Shouldn't the obligation to sit in the Sukkah also fall into the category of Sefeika D'yoma? If so why do some not eat in the Sukkah on Shemini Atzeres?
To answer the first question: yes. Because of 'sfeika deyoma', one should sit in the sukkah even on Shemini Atzeres just as one would on the other days of Sukkos. The Gemara Sukkah 47a (as we have it) concludes this way, and says that we should sit in the Sukkah, but not make a bracha. (The reasons for this, as I understand it, is either because it might be a bracha levatalah, see Rosh 4:5, or because we need to differentiate it from Sukkos proper, to avoid bal tosif, which I believe is the opinion of the Raavya).
However, as your second question notes, this is not - and was not - always the prevailing practice. There are two reasons for this al pi halakha (as opposed to kabbalah):
Some of the Rishonim may have had a different version in their text of the Gemara, which lacks the conclusion that we should sit in the sukkah on Shemini Atzeres. See Sefer Yechusei Tanaim Ve'amoraim, printed here, who writes that according to the usual rules of how to pasken from the Gemara, we should not sit in the sukkah on the 8th day, especially because we already begin to ask for rain on Shemini Atzeres (see Taanis 4b). Thus, he reasons, the Gemara paskens that sitting in the Sukkah when it isn't actually sukkos would be 'adding on to the mitzvah' inappropriately; since a person will be declaring in kiddush that the day is "hashmini", he's implying that there's an obligation to sit in the sukkah on the 8th day. (This is the gist of R. Tzadok's justification as well, besides for many others)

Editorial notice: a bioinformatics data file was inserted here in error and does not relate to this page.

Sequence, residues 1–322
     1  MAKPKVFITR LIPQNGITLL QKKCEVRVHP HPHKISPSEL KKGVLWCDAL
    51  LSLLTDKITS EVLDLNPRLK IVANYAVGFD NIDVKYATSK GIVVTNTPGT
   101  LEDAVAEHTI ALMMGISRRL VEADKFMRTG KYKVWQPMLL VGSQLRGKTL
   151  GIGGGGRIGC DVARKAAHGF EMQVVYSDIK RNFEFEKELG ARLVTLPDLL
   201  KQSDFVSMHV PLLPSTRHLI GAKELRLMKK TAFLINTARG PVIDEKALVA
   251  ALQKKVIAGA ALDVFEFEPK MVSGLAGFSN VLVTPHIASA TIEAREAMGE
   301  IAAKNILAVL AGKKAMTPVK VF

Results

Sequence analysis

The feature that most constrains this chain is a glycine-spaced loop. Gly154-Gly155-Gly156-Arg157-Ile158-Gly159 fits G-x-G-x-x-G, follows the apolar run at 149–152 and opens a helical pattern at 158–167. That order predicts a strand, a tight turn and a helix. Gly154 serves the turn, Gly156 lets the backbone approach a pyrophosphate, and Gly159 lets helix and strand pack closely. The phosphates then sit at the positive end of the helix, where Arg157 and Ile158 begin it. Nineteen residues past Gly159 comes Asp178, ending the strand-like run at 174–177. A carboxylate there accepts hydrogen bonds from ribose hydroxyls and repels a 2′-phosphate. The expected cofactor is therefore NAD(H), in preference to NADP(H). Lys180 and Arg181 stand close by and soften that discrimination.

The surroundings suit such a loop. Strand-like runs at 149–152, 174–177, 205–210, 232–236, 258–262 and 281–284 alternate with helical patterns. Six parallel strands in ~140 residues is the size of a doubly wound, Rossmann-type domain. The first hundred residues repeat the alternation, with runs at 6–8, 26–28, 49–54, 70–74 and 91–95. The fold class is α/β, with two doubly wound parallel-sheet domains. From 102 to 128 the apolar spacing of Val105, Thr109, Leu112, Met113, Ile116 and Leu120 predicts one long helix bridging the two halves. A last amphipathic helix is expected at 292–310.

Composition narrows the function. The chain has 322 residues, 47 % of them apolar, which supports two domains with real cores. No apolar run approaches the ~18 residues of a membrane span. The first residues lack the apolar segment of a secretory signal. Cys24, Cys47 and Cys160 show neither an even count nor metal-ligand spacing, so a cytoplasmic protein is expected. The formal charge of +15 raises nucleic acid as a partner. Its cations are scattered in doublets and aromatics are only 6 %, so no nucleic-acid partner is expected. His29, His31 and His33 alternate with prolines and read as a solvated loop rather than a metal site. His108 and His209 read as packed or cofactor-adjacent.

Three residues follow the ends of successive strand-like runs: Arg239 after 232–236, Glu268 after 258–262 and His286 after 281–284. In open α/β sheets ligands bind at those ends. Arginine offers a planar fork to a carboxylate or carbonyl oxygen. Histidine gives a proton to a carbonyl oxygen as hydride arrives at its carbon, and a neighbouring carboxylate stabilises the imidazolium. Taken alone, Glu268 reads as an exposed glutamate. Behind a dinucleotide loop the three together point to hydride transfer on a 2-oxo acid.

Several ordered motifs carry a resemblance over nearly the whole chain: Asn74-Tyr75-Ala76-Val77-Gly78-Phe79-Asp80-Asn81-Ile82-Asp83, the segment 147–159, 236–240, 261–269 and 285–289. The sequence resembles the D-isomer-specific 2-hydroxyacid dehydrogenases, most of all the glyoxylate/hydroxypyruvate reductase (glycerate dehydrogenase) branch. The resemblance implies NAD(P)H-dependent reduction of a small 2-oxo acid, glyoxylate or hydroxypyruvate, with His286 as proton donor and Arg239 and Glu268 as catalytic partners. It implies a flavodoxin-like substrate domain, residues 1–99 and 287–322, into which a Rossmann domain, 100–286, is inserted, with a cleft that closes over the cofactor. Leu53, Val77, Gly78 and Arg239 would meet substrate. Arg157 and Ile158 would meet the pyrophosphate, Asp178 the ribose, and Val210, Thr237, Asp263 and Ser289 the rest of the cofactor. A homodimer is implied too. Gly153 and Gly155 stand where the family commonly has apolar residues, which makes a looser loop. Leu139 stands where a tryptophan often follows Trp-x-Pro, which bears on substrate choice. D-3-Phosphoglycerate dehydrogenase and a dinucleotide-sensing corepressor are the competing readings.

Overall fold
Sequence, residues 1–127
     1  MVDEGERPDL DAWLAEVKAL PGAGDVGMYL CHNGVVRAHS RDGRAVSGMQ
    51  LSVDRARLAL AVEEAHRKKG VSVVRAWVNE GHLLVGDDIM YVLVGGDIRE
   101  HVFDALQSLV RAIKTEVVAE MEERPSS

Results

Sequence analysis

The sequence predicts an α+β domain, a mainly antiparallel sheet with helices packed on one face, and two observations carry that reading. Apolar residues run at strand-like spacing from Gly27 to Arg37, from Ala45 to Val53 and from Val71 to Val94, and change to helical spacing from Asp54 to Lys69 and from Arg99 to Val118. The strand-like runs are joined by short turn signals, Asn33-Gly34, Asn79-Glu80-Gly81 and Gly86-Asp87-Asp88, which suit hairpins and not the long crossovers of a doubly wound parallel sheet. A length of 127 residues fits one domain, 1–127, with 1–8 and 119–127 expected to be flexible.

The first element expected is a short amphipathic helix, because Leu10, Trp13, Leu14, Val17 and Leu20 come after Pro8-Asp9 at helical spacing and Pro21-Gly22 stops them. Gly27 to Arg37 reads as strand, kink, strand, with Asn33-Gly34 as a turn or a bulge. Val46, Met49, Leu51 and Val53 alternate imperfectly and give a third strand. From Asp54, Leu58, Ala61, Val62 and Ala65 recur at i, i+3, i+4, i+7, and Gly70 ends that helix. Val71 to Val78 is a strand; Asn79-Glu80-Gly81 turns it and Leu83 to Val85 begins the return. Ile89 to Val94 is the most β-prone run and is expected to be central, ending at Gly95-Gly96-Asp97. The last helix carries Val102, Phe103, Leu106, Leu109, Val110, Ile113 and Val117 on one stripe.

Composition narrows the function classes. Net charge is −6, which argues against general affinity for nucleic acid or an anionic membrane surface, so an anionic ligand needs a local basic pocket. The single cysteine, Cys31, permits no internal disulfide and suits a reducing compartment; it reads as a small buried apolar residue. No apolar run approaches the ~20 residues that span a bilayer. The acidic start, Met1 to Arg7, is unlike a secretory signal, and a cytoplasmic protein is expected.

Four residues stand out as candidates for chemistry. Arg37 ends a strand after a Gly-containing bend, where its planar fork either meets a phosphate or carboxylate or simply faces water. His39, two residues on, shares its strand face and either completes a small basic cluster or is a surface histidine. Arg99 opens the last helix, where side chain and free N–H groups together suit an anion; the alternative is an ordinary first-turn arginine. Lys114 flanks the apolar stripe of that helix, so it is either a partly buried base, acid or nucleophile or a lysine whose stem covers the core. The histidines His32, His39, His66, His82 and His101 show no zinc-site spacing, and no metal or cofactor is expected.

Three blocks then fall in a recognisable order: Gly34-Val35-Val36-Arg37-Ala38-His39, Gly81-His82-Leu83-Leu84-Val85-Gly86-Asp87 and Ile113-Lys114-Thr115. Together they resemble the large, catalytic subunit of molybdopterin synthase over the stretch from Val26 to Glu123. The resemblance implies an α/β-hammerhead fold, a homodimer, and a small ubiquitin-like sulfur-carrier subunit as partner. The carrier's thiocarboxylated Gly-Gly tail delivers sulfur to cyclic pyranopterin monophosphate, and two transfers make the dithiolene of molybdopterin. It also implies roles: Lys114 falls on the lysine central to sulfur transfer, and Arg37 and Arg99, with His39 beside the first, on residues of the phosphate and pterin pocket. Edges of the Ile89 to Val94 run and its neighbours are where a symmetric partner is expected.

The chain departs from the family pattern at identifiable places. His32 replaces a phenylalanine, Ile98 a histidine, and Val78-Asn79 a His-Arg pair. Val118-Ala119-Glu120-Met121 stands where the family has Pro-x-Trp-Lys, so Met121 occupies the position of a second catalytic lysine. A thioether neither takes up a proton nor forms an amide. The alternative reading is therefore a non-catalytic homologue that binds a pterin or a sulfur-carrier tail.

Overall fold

The Aruch Hashulchan (O.C. 668:4, probably based on the Korban Nesanel to the Rosh 4:5) justifies the custom, despite believing that the Gemara actually states that one is obligated to sit in the sukkah on shemini atzeres. He writes that the Gemara was referring only to places where the weather is nice enough that people would be sitting outside anyways, as Tosfos (there, Sukkah 47a) write, "the sukkah is pleasant to him", and so sitting in the sukka isn't an obvious slight to the Yom Tov of Shemini Atzeres. However, in the European countries, the weather is so cold that one might argue that we are always exempt from living in the sukkah, though we sit there anyway because our desire to fulfill the mitzvah overcomes this discomfort. However, doing something specifically for a mitzvah of sukkos should not be done on Shmini Atzeres because of zilzul yom tov (disgracing the holiday, by indicating that it might be chol hamoed) and since sitting in a sukkah would obviously be for the purposes of a mitzvah, we shouldn't do so on yom tov, just like we don't shake the lulav. Many poskim give similar reasons (such as Minchas Elazar 4:31)
The simple answer would be that we avoid any behavior that slaps the new yomtov of Shmini Atzeres in the face (such as shaking lulav). To eat in the sukkah is no big deal, as plenty of people eat on porches or gazebos or what-have-you when the weather's nice, no religious ritual required. So in places where it was ridiculously cold on Shmini Atzeres, they didn't!
There are Hassidic thinkers who have answers that give the practice more significance (often based on Hassidic or kabbalistic thought), but that would be the simplest answer.